Family and Community Engagement

New CCRS Center Brief: Improving College and Career Readiness by Incorporating Social and Emotional Learning

On May 6, the College and  Career Readiness and Success (CCRS) Center and National  High School Center released a brief titled, Improving College and Career Readiness by Incorporating Social and Emotional LearningThe brief was written to assist state policymakers better understand how social and emotional lear

Meeting the Standards and Expectations of College and Career Readiness

On April 29, the Midwest Equity Assistance Center (MEAC) hosted a webinar titled, "Hidden Rules of College and Career Readiness." The webinar, conducted by Dr. Katherine Sprott, Dr. Tonnie Martinez and Mr. Jessie Myles, all from the MEAC, highlighted the connections between college and career readiness (CCR) standards and expectations and the underlying causes for why students might not meet those standards and expectations, and shared strategies to improve this situation.

One Oregon School District Pushes For Business, Public Partnerships

Educators, business people, and government officials in Forest Grove School District in Oregon are coming together to brainstorm ways to better prepare students for a changing world. In the superintendent’s words, the underlying point to the recent “21st Century Workforce Summit” was “help us help you.” The desire for more collaboration follows a growing district trend called “STEAM,” the acronym educators have coined for Science, Technology, Engineering, Applied Arts, and Math.

Community-Wide College Readiness Initiatives

On March 14, 2013, the Annenberg Institute for School Reform hosted a webinar, College Readiness: A Citywide Commitment, as part the College Readiness Indicator System (CRIS) project. The webinar highlighted community-wide college readiness initiatives in Dallas and Pittsburgh and shared lessons learned in building and sustaining community partnerships.

Precollege Skills Enhancement: The Effects of Technology and Parental Participation

This study examines a pre-college academic enrichment program, the Skills Enhancement Approach. This program included the participation of 117 high school students from 10 schools who took sessions focused on topics related to the American College Test (ACT). Some of the preliminary results included: high parental support, improved overall student test performance on the simulated ACT, strong correlation between reading and science scores on the simulated tests, and improved student attitudes.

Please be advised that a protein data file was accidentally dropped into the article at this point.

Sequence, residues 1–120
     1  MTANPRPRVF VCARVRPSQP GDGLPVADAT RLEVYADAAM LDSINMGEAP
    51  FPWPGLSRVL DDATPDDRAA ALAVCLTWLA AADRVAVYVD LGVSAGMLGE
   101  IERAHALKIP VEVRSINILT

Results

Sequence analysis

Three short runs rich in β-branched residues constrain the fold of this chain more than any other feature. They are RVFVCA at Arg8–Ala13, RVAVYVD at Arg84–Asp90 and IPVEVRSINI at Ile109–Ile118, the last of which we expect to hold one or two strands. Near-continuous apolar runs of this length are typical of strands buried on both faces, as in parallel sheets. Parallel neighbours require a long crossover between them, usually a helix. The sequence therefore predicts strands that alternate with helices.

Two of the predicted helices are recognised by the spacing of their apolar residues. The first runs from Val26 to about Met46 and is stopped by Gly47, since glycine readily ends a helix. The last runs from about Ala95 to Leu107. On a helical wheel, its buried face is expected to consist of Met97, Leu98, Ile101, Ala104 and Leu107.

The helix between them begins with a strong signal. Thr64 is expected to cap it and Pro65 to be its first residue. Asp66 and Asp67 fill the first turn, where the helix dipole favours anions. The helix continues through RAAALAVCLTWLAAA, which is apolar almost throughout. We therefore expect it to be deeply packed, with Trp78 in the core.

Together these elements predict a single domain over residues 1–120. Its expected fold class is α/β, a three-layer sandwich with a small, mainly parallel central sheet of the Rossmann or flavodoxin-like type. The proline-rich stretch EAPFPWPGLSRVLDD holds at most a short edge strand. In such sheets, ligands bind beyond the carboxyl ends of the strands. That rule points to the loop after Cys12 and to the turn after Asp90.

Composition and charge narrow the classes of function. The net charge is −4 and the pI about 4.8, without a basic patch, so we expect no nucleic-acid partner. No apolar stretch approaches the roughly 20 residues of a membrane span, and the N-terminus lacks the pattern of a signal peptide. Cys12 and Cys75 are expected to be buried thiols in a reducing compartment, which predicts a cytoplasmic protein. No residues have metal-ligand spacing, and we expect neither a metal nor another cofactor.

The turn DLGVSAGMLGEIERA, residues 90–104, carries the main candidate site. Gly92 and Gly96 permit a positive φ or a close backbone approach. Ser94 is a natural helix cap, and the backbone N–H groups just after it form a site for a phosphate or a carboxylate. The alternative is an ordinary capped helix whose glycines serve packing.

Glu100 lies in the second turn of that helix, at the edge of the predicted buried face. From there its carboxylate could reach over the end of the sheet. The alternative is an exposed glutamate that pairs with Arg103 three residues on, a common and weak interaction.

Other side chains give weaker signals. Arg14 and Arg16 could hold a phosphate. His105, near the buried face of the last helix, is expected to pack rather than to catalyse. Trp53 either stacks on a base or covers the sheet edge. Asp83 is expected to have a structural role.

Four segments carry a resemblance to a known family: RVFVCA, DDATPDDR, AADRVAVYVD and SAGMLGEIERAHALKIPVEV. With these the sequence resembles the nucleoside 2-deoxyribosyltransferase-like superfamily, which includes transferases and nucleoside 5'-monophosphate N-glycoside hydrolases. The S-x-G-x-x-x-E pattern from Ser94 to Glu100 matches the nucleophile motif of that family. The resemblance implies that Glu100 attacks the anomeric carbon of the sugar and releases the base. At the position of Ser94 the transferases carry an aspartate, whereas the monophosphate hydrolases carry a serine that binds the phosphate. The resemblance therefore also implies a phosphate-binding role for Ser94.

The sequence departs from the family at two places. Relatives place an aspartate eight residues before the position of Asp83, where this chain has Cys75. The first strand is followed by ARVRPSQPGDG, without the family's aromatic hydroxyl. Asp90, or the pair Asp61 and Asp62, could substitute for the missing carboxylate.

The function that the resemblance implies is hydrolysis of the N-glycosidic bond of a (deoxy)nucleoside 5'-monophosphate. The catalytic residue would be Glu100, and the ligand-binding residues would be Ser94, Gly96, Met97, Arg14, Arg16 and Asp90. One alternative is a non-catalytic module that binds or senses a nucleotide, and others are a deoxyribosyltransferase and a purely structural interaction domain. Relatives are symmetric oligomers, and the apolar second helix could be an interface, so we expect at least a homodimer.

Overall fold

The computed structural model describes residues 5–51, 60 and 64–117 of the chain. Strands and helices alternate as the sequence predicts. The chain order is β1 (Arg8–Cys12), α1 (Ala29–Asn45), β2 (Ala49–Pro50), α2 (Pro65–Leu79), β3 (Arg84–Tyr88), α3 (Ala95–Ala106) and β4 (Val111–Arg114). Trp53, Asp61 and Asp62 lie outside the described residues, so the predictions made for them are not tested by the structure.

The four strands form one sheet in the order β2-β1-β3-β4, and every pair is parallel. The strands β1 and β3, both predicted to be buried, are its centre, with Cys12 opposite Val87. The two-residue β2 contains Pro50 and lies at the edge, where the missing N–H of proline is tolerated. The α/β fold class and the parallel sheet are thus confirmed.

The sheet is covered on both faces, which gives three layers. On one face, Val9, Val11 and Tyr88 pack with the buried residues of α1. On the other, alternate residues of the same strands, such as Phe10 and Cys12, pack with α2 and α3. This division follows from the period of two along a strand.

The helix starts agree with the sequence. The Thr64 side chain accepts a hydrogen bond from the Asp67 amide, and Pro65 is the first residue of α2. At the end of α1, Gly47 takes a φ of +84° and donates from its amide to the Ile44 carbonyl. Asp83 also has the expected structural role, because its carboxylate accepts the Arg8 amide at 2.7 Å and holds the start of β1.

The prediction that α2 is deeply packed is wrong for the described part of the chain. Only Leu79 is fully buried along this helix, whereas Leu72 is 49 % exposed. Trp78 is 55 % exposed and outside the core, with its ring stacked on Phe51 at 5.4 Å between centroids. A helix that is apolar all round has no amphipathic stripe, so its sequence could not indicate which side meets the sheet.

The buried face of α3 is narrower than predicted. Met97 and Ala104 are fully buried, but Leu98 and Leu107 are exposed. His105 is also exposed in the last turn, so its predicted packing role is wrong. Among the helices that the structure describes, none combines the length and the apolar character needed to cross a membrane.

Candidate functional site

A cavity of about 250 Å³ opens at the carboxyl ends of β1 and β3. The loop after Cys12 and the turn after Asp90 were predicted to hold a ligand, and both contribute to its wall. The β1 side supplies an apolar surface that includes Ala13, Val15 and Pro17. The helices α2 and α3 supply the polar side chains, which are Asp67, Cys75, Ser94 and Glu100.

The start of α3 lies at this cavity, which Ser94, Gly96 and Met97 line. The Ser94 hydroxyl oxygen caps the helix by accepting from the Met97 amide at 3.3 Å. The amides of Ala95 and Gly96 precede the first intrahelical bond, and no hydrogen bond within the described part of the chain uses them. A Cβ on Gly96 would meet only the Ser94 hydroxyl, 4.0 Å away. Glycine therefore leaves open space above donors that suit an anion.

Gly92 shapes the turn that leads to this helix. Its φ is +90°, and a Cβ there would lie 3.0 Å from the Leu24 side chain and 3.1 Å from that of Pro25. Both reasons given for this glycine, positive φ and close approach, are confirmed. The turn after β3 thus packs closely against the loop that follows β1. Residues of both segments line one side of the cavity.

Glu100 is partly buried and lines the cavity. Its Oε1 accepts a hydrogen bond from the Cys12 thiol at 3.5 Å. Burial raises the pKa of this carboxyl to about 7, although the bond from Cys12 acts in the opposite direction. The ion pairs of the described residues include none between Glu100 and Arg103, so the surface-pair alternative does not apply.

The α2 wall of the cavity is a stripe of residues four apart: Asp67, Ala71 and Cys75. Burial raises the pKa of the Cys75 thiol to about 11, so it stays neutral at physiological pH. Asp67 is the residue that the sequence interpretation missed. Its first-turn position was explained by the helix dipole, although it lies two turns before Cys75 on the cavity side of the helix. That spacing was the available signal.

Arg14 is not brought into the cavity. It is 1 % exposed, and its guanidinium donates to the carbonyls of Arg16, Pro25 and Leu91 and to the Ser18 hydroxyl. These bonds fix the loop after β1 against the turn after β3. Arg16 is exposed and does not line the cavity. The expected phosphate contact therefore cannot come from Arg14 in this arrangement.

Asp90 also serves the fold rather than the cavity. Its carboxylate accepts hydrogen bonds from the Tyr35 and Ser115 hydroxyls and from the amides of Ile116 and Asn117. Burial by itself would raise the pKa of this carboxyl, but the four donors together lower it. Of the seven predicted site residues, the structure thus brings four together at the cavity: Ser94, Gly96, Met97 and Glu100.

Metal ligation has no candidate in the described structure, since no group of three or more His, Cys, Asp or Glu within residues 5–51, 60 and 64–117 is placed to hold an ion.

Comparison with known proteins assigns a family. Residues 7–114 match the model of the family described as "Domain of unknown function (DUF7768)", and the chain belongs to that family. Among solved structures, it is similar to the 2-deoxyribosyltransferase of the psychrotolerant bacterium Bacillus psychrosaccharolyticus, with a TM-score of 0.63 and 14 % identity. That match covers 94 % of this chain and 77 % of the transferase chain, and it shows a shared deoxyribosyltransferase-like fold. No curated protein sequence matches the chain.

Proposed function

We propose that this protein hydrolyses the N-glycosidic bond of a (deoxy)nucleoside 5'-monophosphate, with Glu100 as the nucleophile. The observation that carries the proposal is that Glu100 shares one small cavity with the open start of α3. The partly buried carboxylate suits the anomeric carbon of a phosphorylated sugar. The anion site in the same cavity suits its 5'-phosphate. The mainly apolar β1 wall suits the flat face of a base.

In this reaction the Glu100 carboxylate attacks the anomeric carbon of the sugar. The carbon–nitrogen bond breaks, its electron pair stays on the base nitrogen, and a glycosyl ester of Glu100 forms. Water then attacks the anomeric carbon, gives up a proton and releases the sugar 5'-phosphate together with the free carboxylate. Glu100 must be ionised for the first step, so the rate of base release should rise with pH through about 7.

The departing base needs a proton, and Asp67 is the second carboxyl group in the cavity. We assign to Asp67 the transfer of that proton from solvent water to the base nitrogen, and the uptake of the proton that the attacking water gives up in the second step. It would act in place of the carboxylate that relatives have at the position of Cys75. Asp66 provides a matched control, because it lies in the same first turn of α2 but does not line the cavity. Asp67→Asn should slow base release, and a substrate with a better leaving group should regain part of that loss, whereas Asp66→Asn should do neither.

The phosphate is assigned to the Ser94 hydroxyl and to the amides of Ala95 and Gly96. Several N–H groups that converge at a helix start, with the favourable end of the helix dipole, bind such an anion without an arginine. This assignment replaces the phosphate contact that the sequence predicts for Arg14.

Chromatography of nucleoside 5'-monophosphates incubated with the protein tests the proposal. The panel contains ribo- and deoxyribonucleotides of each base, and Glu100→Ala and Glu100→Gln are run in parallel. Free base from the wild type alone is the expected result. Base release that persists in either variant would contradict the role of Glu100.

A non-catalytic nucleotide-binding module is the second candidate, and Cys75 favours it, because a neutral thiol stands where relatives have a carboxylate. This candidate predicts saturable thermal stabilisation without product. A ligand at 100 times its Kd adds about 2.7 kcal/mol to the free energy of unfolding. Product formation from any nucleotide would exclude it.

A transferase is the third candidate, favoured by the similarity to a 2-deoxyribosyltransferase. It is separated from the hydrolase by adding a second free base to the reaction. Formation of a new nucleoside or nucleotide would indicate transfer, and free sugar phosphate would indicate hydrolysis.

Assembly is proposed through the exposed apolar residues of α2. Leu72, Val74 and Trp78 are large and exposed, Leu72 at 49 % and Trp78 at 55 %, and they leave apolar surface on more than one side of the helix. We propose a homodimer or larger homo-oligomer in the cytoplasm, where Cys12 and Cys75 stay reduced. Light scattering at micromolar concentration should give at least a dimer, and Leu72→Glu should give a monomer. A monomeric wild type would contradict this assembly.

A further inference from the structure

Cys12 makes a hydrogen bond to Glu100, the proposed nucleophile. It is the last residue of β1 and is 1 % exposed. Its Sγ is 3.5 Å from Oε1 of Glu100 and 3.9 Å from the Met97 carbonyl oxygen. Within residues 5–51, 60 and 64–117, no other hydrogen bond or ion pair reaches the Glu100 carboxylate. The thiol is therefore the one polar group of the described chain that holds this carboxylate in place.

Effectiveness of Summer Bridge Programs in Enhancing College Readiness

This study assesses the effectiveness of bridge programs, which aim to provide interventions for high schools students to successfully transition into college. Results showed that effective bridge programs have strong relationships with their partner school district, have orientations and closing ceremonies, involve parents, implement formative and summative evaluations, and provide transportation, academic advising, professional development opportunities, and support services and labs to support instruction.

Sponsora-Scholar: long-term impacts of a youth mentoring program on student performance

This study evaluates the effectiveness of Sponsor-a-Scholar, a program for at-risk high school students which offers a mentor, academic assistance, college counseling and other services through their first year of college. High school academic performance, participation in college preparation activities, students’ self esteem and college enrollment and retention were analyzed.

Getting ready to pay for college: What students and their parents know about the cost of college tuition and what they are doing to find out

This study examines how much 6th-12th grade students who reported plans to attend college and their parents knows about the cost of attending college, and the level of college preparation they undergo. Parent and youth survey data is analyzed and the study reveals that many middle and high school students and their parents, particularly parents with lower income and education level, do not have an accurate idea of the cost of college tuition, and students that were involved in family decision making were more inclined to gather information about college.


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